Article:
On the contrary, viral acquisition involves buying some initial traffic to get some eyes of your product and gain some initial users so that these first users can bring in more traffic without costing your company-it's an iterative process :
The key to designing and starting the virus cycle is to provide one or more features or rewards to encourage users to share your product with others.
The goal of a start-up company is contrary to the mess of a bunch of junk advertisements and other forms of contacting users’ mailboxes, which are detrimental to the company’s image.
You must provide users with somevaluableThings, such as: some practical and direct things that make them willing to bring friends, family or colleagues to the product.
The reward process must be easy to understand and easy to achieve, otherwise you may mess up the event too much and lose the opportunity to expand the user base through the event.
Now let's take a look at some well-known cases of startups with successful viral cycles.
Many of these cases have been presented, despite the use of very few direct advertising and marketing, how new startups have become so successful:
Group-buying website Groupon allows users to save huge deposits on attractive transactions, but only if only designated buyers can initiate transactions.
Over the years, Groupon has been using this strategy to expand its user base, persuading existing users to invite friends in order to obtain various discounts from food and entertainment activities to beauty experiences and clothing.
Super popular file sharing website Dropbox And the world's largest ride-sharing service Uber, As long as they recommend their platform to others, they will provide attractive rewards to users.
When Dropbox was first launched, it provided free storage space for all recommended users, gaining 1 million users for the company during the first 7 months of operation.
Uber's binary referral code system-when Ms. B gets 20 USD ride points, and Mr. A uses Ms. B's exclusive referral code to register, Mr. A also gets 20 USD free ride points-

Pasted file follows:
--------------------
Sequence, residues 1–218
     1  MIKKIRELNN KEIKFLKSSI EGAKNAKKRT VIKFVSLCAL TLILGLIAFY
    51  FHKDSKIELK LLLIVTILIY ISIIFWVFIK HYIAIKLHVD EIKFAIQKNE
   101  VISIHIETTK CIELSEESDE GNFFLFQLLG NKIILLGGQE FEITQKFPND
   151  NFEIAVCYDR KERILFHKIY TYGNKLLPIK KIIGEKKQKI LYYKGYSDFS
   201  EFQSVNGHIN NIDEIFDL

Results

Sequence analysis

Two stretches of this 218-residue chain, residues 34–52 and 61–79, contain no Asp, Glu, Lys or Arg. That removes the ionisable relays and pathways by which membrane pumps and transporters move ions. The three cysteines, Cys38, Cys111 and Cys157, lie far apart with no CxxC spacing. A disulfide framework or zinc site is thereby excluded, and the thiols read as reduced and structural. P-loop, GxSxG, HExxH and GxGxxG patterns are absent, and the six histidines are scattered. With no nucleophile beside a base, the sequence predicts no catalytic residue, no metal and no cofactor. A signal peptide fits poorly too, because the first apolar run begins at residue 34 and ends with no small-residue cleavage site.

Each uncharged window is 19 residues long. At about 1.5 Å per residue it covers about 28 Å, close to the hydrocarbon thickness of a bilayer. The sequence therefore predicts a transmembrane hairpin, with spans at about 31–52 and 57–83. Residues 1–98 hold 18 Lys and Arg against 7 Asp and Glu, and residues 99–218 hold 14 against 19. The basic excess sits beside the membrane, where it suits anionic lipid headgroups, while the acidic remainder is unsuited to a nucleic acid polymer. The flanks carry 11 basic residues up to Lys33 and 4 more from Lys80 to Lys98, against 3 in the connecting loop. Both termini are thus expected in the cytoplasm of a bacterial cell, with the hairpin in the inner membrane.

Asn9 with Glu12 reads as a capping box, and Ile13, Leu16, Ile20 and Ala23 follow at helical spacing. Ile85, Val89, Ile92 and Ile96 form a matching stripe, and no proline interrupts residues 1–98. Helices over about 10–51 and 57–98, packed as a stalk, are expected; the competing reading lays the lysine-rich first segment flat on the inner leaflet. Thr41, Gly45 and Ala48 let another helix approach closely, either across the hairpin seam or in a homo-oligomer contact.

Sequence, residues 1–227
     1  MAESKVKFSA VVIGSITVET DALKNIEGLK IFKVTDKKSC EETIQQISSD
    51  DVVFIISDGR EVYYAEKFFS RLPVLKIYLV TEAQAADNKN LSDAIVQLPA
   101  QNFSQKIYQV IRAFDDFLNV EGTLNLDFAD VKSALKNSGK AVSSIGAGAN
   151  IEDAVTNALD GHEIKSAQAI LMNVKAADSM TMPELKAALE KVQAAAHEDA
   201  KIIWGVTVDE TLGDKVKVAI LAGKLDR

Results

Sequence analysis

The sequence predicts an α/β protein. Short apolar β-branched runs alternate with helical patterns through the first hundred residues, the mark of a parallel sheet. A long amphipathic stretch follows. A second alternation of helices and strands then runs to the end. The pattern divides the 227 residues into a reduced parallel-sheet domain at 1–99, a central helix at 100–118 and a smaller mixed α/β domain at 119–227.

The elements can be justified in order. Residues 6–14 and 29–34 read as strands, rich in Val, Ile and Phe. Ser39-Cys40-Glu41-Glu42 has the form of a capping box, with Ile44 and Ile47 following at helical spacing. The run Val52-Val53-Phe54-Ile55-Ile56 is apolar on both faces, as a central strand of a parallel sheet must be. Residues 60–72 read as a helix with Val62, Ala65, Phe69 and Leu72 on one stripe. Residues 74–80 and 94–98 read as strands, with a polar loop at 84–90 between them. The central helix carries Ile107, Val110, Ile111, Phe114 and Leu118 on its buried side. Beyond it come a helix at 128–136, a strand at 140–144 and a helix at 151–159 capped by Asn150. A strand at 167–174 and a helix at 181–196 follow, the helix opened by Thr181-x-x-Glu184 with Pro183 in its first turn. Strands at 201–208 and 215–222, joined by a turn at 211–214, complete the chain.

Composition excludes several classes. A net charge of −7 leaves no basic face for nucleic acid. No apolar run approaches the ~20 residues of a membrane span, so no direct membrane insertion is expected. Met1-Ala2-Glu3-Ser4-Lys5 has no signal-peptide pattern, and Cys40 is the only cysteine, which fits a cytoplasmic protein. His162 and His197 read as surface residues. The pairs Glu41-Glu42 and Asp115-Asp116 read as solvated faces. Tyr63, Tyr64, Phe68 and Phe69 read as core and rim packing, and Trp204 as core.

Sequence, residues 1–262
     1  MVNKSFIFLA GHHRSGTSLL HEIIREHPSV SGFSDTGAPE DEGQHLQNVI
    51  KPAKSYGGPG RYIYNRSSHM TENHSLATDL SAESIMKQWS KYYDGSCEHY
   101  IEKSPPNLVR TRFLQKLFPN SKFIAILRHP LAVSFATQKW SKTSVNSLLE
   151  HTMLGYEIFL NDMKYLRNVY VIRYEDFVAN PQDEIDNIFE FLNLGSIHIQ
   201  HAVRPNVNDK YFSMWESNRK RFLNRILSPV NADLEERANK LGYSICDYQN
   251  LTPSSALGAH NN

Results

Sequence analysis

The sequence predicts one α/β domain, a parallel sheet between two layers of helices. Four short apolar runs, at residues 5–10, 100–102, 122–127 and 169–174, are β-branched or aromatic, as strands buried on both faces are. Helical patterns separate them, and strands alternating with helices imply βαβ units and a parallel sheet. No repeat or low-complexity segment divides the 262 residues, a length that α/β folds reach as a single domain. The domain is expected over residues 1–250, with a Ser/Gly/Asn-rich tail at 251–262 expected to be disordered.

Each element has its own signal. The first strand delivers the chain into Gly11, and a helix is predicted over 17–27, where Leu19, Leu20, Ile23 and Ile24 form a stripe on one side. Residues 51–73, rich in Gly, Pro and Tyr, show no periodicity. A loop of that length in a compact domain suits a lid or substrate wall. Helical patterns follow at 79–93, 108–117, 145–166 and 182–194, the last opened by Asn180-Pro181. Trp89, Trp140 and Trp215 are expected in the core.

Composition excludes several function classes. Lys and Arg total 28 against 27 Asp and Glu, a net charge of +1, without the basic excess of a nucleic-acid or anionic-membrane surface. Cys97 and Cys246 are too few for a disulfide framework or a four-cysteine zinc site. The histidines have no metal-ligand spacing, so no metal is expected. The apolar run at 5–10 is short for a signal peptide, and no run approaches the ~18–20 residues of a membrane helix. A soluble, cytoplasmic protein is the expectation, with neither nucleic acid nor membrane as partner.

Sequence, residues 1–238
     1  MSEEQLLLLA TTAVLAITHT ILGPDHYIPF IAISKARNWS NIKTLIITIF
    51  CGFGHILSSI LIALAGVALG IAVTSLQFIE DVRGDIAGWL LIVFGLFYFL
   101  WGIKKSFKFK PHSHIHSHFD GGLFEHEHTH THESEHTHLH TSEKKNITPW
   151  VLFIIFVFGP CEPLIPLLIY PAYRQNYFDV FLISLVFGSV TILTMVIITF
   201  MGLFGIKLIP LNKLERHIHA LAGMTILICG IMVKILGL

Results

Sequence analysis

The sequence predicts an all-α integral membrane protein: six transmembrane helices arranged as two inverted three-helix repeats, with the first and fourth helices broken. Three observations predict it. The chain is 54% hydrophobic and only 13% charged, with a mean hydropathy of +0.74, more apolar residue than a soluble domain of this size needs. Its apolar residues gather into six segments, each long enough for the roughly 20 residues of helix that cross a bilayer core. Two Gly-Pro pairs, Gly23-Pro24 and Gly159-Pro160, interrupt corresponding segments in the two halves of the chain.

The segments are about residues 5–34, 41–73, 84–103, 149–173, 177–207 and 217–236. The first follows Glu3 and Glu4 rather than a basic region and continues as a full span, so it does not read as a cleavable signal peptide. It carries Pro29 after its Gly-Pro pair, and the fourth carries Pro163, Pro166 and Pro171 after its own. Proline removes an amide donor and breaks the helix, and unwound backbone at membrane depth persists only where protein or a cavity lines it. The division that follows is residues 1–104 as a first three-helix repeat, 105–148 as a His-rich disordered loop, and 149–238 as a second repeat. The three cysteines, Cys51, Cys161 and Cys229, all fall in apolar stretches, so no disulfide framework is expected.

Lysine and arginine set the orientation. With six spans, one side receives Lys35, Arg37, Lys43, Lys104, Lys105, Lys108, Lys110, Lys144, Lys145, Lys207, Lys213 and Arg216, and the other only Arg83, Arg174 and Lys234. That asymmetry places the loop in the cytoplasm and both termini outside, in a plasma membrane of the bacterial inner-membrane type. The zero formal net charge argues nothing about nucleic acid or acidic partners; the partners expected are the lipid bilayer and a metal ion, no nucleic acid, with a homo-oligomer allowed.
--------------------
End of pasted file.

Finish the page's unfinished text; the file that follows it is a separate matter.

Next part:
This method is really very successful, about 50% of new customers are introduced to the platform.
useCross releaseFeature, users can automatically share their photos with friends on Facebook and Twitter, thereby encouraging people on other social networking sites to sign up for Instagram, press love, comment and share their photos.
A highly successful social media platform, the first batch of Internet startups that profited from email invitations, allowing new users to easily and quickly invite all email contacts to join the site.
Just like Instagram, Facebook encourages users to bring friends to the platform, which is very easy, and it also makes the Facebook experience more enjoyable (allowing users to share their online life, family and colleagues with more friends).
Use robots"Hacking" Craigslist Large-scale expansion allows new Airbnb users to share lists with others, creating a network effect that attracts others.
When Hotmail was launched, only 700,000 people were Internet users.
Nevertheless, every email sent by Hotmail through the server is marked with:
"PS: We love you, receive free e-mail on Hotmail", which successfully increased the number of users.
Neither they nor users need to pay for the transmission of simple messages on the Internet.
Hotmail effectively created the first viral cycle in this process and gained 66 million users (almost the entire market at the time).
The cross-platform function of Instagram encourages users to share IG posts through various social networks:
After the crossover feature was released in 2012, Instagram massively expanded its user base
(Because most of the IG personal page defaults are public, they can be immediately presented to new traffic, and the conversion rate is also improved):
3 examples of innovative growth
Leveraging partnerships: the Spotify case
Spotify current value $13 billion,have 50 million paying users, Quickly became popular on Facebook.